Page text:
Pot-grown tomato plants (Lycopersicon esculentura Mill. cv. Maofen) was used to study the effects of three shading levels (0, 75% and 40%) for 8 days on dry matter partitioning, contents of nitrogen (N), phosphorus (P) and potassium (K) in leaves and yield at three growth stages (early flowering (EF), peak flowering (PF) and later flowering (LF)). Shading reduced the dry weight of root and stem tissues at the EF and PF stages, but the 40% shading increased root dry weight and stem dry weight by 43.2% and 21.6%, respectively, at the LF stage. The influence of shading on the dry weight of leaves was very small at most growth stages. Shading had no effects on total leaf N, P and K contents at the EF and PF stages, showing that N, P and K absorption were regulated by the carbon assimilation at these two stages. The leaf N, P and K contents of 40% shaded plants at the LF stage were significantly increased. There were no obvious differences in leaf N and K contents between 75% and 40% shading treatments, but significant difference in leaf P contents was found between them at the LF stage. Shading significantly enhanced the fruit yield of 40% shaded tomato plants at the LF stage, but failed to affect the fruit yield of shaded plants at the EF stage. These showed that tomato could grow well and a better yield could be obtained if some moderate shading (i.e., 40% shading) was applied at the LF stage at summer midday.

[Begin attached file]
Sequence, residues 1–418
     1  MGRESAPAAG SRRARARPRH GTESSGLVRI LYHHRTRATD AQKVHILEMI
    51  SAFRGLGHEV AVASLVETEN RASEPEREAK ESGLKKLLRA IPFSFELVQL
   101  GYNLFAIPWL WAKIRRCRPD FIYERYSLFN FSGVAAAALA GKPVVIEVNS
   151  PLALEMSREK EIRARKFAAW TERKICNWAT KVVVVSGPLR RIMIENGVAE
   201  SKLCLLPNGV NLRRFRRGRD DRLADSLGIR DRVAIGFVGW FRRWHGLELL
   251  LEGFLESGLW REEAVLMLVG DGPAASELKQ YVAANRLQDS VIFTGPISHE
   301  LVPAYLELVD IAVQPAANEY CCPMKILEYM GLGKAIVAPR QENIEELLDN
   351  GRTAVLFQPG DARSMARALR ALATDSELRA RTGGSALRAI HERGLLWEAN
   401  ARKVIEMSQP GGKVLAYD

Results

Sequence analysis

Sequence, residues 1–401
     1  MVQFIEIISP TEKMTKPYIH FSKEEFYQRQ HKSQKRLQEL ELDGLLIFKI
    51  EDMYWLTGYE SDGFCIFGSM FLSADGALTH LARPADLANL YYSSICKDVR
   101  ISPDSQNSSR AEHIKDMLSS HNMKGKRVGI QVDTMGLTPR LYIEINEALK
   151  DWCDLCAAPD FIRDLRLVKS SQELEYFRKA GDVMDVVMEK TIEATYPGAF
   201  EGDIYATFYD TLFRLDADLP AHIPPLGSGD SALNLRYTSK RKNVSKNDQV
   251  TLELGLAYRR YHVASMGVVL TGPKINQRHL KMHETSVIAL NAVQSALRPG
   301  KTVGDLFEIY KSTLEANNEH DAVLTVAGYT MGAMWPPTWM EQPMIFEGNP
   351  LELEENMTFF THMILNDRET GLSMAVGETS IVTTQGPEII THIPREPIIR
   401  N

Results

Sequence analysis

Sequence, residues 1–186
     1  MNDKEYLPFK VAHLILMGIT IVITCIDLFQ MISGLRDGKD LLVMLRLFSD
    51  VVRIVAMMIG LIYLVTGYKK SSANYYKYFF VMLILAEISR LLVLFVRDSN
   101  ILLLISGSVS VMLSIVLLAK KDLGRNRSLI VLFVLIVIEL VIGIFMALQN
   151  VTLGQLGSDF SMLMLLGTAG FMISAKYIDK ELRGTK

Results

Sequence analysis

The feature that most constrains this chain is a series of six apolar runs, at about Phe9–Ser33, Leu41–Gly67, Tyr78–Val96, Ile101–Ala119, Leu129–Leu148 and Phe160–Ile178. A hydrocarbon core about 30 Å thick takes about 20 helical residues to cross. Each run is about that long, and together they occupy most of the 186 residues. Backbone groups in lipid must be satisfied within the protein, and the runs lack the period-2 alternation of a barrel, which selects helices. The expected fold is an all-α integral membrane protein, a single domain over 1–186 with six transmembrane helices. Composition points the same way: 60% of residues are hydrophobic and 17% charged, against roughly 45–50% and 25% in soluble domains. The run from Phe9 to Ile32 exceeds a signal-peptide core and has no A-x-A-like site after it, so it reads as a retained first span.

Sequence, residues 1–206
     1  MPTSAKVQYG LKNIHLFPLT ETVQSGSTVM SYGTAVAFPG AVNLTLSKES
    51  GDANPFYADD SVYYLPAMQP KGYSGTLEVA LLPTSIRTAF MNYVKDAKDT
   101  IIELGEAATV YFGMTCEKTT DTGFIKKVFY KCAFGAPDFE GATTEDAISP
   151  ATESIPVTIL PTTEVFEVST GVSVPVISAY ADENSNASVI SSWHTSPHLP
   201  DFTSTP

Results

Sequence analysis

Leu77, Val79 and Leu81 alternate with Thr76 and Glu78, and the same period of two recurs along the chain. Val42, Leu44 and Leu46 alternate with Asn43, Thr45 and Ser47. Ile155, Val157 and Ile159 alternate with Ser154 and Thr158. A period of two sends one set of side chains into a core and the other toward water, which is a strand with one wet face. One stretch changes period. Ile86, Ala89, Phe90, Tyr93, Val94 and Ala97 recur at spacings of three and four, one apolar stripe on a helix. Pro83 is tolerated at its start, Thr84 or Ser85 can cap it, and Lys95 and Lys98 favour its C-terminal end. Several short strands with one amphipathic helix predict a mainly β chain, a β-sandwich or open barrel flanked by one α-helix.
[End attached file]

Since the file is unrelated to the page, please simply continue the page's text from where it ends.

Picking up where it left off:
|Number of pages||8|
|Publication status||Published - Aug 2003|
Scopus Subject Areas
- Soil Science
- Dry matter